In 1968 a very dangerous film was unleashed upon America that ripped apart our conventions of driving. It was titled Bullitt and it prominently featured 9 minutes and 42 seconds of some of the most dangerous and reckless driving ever recorded. The director was not even responsible enough to included a warning at the beginning of the film reminding audiences that it was filmed on a closed set with specially modified car engines. For the health and safety of everyone who at some point in their life might get behind the wheel of an automobile it should have been stated that no one can drive like Steve McQueen. In fact, Steve McQueen couldn’t even drive like Steve McQueen because he had the assistance of stunt men. How utterly appalling!
Films that featured cars in the 1950s and earlier were much different. These cars were produced with art and beauty in mind rather than high performance and speed. Of course we all know that teenagers mingled with car engines back then and I’m no kill joy for fun. However, they were much slower then. Fathers and sons often worked on cars together in the family garage and drag racing was strictly limited to airport parking lots. There were only two types of speeders featured in the car films of yesteryear- leather jacketed boys who were beheaded as a result of their poor choices and the police officers who were there to help. These were positive morals for us all.
Things are different now. Images of unattainable engines are paraded before us everywhere we look. Editing techniques are always utilized to make it appear as if cars can reach breakneck speeds or fly over giant gaps in the road. Drivers suffer from suicidal despair in their pursuit of the so-called “perfect auto-body,” making modifications that the manufacturer never intended. No one in the 1950s desired the gross overstated “spinners” on their rims. These are entirely contrived and highly unnatural. People should love their cars just the way they are.
Of course it is imperative to mention that films about cars are marketed exclusively to men who are, unfortunately, physically incapable of distinguishing between cinema and reality. They believe that these sequences are exactly like the way we are supposed to drive. You don’t have to take my word for it, look at the number of moving violations that occur on a daily basis. Every single one is strictly the result of these movies. There are no other motives for bad behavior on the road other than the inability to distinguish between car images and true car behavior.
Unfortunately, women have been so brainwashed by this kind of rampant car culture that you never hear of women ever expressing vehicular limits like, “sweetie, can you please slow down?” or, “that’s a stop light up ahead.” We can see that women truly believe that it is only natural for a man to drive 100 MPH through a residential street with speed bumps and a playground. There are no other images to counteract this. Every time a woman sees someone like this “king of cool,” Steve McQueen chasing hit men through the streets of San Francisco this dangerous notion is truly reinforced. It is a de facto truth that this is how “real men” behave and women have lost the ability to think otherwise.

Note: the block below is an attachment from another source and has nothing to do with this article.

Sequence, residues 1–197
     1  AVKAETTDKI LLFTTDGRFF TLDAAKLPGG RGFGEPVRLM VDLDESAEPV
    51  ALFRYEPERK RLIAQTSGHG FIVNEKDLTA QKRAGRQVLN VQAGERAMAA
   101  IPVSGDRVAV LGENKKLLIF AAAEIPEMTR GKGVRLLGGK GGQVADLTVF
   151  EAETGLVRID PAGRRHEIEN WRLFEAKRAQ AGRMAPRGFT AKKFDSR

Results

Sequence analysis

Now you may notice that there are some films featuring attractive female drivers (such as the remake of The Italian Job) but these films are made within the confines of male car culture. A woman never actively chooses to speed. This is merely driving peformativity done to impress other males on the road because it is a woman’s natural inclination to drive 50 in the fast lane with her left blinker on for 15 miles. This is clearly demonstrated by the fact that the VW Bug is the most popular car among female drivers, a vehicle that practically doubles in value with a full tank of gas.
All of this invariably trickles down to the children. The other day I asked the son of one of my friends what kind of car he would like to drive when he grows up and he said something that horrified me. He told me that he would like to drive the Batmobile. What an unreasonable expectation for him. When he sits in the driver’s seat for that very special first time, he will be so full of rage by the false promises of every single form of car media presented to him at childhood that he will be forced to drive it into a wall repeatedly for the simple crime of not flying. It appears that I am a lone voice in a world of people who seem to believe that he will “grow up” and come to understand the normal functioning of your average car.
It is because I despise these images of moving vehicles behaving dangerously and erratically that I view them daily and report my findings to you because only I possess the ability to interpret them correctly. I cannot lie, it positively repulses me but I am deeply compelled by my mission to continue. I am no hero, my friends. I am merely one woman standing up for what is right. I know in my heart and my soul that if we eliminated these films all traffic fatalities would come to an immediate end. What we have today is not what Henry Ford intended.
Please join me at my upcoming conference in opposition to this dangerous car culture. The date is TBD but please stay tuned (no pun intended- even our day to day language has been corrupted!). Until then, I ask that you pledge never to drive above 55 and to boycott any movie that prominently features dangerous and reckless car driving for the good and safety of all people. We have the power to have these images permanently banned.